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10 Year Plan: Then and Now
On a Saturday morning in late May, a handful of Georgetown administrators gathered at the nearby Duke Ellington School for a five-hour sparring match with the neighbors. It was the second meeting the University had held with community members to discuss its nascent 2010 campus plan—the blueprint that will dictate how Georgetown will be able to expand over the next decade—and it wasn’t pretty. Neighbors fretted over the potential traffic implications of possible new buildings and vented about the twin menaces (noise and trash) caused by undergraduates living off-campus.
If May’s meeting is any indication, it seems that the debate over the 2010 Campus Plan is poised to become a serious town-gown showdown. But just how much Sturm und Drang can one campus plan cause? Judging from Georgetown’s last 10-year plan, a hell of a lot.
The 2000 Campus Plan dramatically changed the University’s landscape, allowing for the construction of the new MSB building, the Davis Center for the Performing Arts, and the eventual new science building. But in order to get it passed, Georgetown was forced to wage a four-year battle, which included serious disputes with neighbors and a lawsuit filed against the District of Columbia Board of Zoning and Adjustment.
When Georgetown first proposed its 2000 Campus Plan, it had already promised to build the Southwest Quad, but had not completed the project. With over 1,000 undergraduates living in the community, neighbors were impatient to see the extra 780 on-campus beds added. So when the University requested upping its undergraduate enrollment cap by 389 students, Georgetown residents were incensed.
Citizens’ associations in Georgetown, Burleith, the Cloisters, Hillandale and Foxhall teamed up in opposition to the plan. Longtime resident and former Burleith Citizens’ Association President Bonnie Hardy said she had “never seen the neighbors so unified.”
The neighbors found sympathy from the Board of Zoning and Adjustment, the body that reviews Georgetown’s decennial campus plans. In May 2002, the BZA approved the 2000 Campus Plan—but with distressingly restrictive conditions. It ruled that Georgetown could not increase its enrollment cap whatsoever and would have to publicly disclose the number and type of student misconduct complaints it received, report violations of the Student Code of Conduct to parents or guardians, and record students’ license plate numbers.
The University needed an increase in undergraduate enrollment in order to finance new construction and felt that some of the BZA’s conditions violated the federal Family Education Rights and Privacy Act of 1974, so it took the BZA to court.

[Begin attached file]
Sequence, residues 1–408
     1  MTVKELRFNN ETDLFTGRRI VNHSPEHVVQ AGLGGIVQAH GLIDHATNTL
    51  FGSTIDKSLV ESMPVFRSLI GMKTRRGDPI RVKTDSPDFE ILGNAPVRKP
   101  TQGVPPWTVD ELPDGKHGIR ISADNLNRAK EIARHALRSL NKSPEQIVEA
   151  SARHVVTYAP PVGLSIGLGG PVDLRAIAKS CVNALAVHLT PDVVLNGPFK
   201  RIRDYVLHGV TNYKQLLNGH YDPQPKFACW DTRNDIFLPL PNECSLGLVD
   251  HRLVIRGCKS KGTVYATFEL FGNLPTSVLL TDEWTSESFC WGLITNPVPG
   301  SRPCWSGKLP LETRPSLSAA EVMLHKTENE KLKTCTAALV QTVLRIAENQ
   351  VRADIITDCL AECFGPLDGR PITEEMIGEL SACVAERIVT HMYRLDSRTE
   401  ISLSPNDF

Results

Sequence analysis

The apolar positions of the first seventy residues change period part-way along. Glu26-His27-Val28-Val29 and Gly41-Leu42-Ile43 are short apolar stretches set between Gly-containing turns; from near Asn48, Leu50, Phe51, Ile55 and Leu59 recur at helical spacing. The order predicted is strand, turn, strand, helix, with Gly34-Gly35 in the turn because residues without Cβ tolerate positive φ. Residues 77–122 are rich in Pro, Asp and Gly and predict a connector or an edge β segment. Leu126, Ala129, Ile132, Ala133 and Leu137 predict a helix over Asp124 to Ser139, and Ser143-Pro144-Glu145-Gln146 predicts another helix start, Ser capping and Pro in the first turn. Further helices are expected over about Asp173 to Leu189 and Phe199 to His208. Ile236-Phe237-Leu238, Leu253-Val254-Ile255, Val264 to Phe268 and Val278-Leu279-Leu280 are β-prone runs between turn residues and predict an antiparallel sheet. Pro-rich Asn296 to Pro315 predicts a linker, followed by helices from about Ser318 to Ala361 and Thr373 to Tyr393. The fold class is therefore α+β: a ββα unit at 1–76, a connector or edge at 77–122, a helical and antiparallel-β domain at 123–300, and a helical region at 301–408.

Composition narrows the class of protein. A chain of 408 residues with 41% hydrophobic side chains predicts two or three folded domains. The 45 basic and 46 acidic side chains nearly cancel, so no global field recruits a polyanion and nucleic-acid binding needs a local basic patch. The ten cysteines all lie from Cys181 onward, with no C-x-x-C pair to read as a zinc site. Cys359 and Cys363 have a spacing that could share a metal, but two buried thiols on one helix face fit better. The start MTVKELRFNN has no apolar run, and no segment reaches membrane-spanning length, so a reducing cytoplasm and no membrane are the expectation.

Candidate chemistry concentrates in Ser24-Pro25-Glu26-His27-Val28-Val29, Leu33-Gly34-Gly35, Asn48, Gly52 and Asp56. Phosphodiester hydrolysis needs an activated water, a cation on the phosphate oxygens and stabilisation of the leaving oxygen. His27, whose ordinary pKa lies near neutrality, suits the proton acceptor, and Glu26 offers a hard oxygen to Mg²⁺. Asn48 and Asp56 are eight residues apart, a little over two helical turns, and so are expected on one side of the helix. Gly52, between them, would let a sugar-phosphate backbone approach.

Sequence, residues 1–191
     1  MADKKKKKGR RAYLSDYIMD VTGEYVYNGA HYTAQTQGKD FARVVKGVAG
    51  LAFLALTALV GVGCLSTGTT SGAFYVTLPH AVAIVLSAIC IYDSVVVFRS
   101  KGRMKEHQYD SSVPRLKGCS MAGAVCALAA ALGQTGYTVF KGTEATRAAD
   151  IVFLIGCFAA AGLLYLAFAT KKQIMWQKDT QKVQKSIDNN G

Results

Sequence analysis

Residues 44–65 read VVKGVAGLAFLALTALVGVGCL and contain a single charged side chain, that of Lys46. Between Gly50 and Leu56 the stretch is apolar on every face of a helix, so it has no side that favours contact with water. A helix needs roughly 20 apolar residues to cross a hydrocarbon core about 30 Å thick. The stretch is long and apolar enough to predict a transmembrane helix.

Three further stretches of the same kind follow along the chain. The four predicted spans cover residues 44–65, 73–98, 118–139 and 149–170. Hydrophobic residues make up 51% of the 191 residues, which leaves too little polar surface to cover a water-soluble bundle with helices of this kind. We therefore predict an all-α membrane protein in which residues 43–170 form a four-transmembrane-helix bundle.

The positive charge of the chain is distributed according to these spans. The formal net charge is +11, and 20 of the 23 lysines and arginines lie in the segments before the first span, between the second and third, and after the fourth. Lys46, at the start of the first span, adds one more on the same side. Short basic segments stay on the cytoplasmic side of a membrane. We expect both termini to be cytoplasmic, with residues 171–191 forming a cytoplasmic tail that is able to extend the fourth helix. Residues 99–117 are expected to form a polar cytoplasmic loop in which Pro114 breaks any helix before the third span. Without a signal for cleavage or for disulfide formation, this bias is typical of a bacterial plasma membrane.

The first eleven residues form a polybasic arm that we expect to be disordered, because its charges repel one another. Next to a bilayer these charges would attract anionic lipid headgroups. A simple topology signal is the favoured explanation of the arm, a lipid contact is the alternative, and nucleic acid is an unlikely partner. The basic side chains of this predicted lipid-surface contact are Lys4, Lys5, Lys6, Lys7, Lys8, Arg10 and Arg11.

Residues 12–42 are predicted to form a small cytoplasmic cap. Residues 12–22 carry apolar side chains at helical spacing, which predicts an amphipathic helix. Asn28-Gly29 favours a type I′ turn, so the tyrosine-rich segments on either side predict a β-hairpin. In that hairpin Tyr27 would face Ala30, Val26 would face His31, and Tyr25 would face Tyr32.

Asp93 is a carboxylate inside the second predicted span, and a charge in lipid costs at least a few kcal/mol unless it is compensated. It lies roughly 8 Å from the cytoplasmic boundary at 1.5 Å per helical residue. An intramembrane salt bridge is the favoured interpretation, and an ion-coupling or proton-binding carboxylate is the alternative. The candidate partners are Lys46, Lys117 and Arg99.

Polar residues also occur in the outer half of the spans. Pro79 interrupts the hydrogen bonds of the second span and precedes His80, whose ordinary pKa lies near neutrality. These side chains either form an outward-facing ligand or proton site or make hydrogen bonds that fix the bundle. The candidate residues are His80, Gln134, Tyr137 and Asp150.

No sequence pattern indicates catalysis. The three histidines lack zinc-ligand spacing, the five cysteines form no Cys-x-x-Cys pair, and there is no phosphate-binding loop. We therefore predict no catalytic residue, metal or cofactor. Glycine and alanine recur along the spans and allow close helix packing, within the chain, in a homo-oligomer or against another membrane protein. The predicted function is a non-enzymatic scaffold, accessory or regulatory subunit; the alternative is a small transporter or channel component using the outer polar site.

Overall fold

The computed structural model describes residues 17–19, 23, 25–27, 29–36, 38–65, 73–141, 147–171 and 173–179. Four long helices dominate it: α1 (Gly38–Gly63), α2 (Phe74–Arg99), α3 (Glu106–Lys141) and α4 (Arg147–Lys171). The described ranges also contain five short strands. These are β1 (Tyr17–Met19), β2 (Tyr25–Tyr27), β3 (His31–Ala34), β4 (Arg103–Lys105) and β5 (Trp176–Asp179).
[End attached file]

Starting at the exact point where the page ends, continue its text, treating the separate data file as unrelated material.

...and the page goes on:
On December 4, 2003—more than four years after the University started working with the community on the 2000 Campus Plan—Georgetown finally got a break. The D.C. Court of Appeals overturned the BZA’s harsh conditions, writing in its ruling that “such micromanagement of the University’s disciplinary code and of other educational activities by an agency whose sole expertise is in zoning is, in our view, inappropriate and unreasonable, especially when it can lead to such draconian sanctions.”
While this past May’s meeting may have seemed dishearteningly confrontational, it looks like the University has actually learned some lessons from the lengthy 2000 fight.
According to Hardy, the 2000 Campus Plan discussions got off to a sour start in large part because the University came in with fairly rigid plans and not much interest in community input. This time around, University administrators are making an effort to get feedback before finalizing anything (though some neighbors are now complaining that the current 2010 plans are too vague—sometimes you just can’t win).
Over the past decade, the University has also made attempts at easing off-campus friction. It created the Student Neighborhood Assistance Program hotline, instituted mandatory off-campus living orientation sessions, and began hosting monthly Alliance for Local Living meetings. Most importantly, though, it completed the Southwest Quad, increasing the amount of available on-campus undergraduate housing drastically.
But the University’s biggest advantage might be in what it’s not proposing this year: increasing the undergraduate enrollment cap. Instead, at the May meeting, administrators said they would like to increase graduate student enrollment, a proposition neighbors will probably find much more palatable.
That’s not to say the 2010 Campus Plan is going to be a breeze—even comparatively angelic graduate students aren’t always an easy sell. According to Justin Kopa (COL `03), who served on Georgetown’s Advisory Neighborhood Commission during the 2000 Campus Plan dust-up, when Georgetown tried to convert the Wormley School into a home for its Public Policy Institute, neighbors objected so vociferously that the University just dropped it.
But potential setbacks and querulous meetings aside, we’d do well to remember how far we’ve come since the last campus plan. The University has upheld its end of the bargain in easing off-campus tensions; if residents demand and the BZA approves unreasonable rules once again, Georgetown shouldn’t be afraid to fight back—hopefully it won’t come to that, but a little litigiousness served us well last time.